The Eleventh Auer: The Effect of Kisor v. Wilkie on Rulemaking Procedures at the U.S. Patent and Trademark Office
20 Pages Posted: 10 Apr 2020
Date Written: March 17, 2020
Courts have long deferred to an agency’s interpretation of an ambiguous rule or statute, in light of the agency’s relevant technical expertise. But some judges prefer to keep legal interpretations in Article III courts, and deferring often involves relying on an agency’s interpretation of a genuinely ambiguous statute — the oft-discussed Chevron deference doctrine. This Article analyzes the more nuanced Auer deference, where a court defers to an agency’s interpretation of its own ambiguous rule or regulation. Recently, the Supreme Court took and decided Kisor v. Wilkie, which dramatically modified the Auer doctrine. While Kisor appealed a claim for veteran’s benefits that implicated the courts’ ability to review Department of Veterans Affairs (VA) findings, the Court took it up to answer a bigger question: Should Auer be overruled?
They did not overrule it — but just barely — dramatically limiting the times and ways in which courts will defer. Kisor will have far-reaching effects on all agencies. This Article discusses just one: the United States Patent and Trademark Office (USPTO). Like other agencies, the USPTO issues rules, regulations, and guidance and has adjudicators — here Administrative Patent Judges (APJs) — who preside over disputes at the Patent Trial and Appeal Board (PTAB). But the USPTO is unique in that, in granting patents, it grants hundreds of thousands of legal causes of action annually, namely the ability to exclude others from making, using, or selling a patented invention, many leading to dispute.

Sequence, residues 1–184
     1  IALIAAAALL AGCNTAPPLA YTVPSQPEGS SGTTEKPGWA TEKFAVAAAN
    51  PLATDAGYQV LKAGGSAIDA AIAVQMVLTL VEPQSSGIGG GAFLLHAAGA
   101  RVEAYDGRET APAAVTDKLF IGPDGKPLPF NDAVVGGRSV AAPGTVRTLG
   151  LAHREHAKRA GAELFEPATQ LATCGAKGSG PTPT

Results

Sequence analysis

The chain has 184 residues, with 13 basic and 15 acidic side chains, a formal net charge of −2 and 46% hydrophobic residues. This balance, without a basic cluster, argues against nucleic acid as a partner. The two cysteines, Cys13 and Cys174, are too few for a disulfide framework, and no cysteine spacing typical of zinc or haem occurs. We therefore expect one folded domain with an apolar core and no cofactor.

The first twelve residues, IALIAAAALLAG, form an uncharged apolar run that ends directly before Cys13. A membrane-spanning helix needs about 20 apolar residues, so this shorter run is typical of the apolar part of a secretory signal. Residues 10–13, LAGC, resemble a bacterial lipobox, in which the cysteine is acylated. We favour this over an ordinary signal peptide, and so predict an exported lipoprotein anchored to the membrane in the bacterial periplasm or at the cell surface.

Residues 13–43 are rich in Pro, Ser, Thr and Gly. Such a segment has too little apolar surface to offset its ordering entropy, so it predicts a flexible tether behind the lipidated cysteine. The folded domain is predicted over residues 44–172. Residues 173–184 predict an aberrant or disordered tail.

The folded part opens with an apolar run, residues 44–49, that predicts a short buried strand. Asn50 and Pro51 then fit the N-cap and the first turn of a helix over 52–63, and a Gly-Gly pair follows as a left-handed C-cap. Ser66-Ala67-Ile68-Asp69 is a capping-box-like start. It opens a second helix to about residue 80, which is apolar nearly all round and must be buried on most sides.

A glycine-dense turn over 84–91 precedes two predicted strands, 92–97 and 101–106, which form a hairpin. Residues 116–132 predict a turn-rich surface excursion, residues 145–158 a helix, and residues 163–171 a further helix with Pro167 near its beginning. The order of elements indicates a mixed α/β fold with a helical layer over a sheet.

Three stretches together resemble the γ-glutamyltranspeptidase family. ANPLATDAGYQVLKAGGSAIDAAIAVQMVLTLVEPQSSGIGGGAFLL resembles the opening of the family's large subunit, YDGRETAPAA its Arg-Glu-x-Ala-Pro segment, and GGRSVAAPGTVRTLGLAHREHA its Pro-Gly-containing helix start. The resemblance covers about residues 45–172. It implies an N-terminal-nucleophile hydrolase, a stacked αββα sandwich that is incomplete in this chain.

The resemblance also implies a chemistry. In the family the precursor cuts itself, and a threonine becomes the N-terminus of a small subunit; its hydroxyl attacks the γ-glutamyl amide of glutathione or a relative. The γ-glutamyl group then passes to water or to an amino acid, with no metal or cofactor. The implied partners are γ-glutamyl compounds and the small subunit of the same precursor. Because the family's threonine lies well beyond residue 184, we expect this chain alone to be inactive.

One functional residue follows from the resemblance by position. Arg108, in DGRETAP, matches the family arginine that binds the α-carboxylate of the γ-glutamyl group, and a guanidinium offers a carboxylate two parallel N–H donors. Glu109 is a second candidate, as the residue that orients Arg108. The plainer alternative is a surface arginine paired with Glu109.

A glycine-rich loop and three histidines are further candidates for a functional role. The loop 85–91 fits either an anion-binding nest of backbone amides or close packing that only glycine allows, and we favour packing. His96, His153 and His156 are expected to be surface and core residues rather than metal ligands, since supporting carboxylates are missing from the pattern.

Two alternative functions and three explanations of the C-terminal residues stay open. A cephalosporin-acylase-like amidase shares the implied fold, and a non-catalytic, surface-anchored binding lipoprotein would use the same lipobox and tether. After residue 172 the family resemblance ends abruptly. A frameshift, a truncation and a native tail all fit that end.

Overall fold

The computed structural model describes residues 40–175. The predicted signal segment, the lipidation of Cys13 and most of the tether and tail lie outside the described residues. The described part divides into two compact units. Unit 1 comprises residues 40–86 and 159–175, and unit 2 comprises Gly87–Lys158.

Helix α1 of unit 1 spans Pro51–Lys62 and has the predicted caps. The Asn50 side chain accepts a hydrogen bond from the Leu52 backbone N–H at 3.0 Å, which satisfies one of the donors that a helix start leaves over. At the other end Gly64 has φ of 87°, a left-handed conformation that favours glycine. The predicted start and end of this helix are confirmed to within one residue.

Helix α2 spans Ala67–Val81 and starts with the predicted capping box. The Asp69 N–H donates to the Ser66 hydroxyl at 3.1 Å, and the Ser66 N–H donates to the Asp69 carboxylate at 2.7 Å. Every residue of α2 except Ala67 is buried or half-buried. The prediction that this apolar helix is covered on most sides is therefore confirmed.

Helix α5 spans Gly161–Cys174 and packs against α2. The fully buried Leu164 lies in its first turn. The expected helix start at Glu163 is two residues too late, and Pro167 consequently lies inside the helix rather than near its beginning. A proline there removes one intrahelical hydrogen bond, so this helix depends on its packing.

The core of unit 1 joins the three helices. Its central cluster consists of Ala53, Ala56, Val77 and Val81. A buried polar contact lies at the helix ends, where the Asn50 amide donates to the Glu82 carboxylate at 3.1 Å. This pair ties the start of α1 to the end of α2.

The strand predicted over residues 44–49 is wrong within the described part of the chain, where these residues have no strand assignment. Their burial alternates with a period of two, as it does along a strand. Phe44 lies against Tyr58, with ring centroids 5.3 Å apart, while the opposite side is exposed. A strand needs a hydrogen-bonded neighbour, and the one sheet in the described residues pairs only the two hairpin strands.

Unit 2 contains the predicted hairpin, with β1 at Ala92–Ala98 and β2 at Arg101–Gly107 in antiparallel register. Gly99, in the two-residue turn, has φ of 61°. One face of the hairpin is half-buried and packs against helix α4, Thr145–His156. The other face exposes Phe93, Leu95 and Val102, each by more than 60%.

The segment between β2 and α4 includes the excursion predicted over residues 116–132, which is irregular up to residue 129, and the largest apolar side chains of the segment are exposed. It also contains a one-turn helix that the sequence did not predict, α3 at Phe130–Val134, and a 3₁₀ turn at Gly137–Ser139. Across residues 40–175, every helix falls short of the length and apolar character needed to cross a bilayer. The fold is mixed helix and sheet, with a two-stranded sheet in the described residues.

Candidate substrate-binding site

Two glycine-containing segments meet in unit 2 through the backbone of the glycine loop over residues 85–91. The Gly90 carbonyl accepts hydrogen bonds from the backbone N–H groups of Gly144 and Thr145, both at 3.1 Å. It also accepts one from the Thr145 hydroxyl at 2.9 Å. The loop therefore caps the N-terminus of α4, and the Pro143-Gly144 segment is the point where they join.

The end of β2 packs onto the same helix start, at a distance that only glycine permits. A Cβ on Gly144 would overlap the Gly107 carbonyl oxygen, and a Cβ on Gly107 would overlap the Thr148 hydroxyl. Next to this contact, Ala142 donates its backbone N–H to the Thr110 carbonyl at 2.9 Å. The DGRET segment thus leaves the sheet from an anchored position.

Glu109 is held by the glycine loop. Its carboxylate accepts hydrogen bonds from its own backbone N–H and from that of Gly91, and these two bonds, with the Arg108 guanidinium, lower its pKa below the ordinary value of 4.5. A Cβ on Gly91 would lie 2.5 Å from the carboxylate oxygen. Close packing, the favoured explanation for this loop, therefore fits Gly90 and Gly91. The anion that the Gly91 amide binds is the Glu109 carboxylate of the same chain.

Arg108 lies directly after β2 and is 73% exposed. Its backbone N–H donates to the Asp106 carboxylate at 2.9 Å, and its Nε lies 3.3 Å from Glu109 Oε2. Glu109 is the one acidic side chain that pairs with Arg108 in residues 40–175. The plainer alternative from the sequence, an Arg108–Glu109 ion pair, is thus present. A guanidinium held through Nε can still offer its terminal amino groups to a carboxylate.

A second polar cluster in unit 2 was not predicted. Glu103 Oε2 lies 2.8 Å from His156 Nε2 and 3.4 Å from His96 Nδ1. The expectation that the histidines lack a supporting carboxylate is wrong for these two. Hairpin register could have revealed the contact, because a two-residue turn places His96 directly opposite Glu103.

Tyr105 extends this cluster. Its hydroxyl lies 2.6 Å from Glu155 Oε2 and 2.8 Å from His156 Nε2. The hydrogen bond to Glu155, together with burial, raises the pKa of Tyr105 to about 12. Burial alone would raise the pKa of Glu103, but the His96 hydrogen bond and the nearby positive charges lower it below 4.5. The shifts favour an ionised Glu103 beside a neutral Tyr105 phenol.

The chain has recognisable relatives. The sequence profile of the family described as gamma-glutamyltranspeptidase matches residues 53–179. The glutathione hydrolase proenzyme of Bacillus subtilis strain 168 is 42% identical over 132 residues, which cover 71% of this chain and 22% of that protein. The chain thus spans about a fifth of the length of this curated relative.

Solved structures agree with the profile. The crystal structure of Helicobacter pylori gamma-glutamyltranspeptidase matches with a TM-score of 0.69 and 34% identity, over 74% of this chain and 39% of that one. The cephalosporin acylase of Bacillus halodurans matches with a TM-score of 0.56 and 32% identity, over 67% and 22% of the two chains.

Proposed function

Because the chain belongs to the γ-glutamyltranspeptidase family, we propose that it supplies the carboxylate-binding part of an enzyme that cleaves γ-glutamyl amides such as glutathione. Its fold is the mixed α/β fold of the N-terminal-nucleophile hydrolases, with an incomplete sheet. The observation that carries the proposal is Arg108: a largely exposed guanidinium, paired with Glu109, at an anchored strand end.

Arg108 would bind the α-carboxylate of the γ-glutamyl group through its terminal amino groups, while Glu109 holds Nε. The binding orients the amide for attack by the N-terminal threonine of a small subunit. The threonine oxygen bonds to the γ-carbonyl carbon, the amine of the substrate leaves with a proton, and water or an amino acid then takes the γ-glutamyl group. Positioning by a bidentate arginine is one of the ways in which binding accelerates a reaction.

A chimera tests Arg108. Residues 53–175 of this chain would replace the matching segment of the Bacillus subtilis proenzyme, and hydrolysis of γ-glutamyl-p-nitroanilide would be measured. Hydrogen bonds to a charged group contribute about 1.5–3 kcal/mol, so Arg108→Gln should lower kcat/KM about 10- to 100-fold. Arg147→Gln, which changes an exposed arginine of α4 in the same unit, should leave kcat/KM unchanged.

Keywords: Patent, Administrative Law, Deference, Auer, Kisor, Chevron, USPTO, PTAB, Rulemaking, TPG, Trial Practice Guide, IPR
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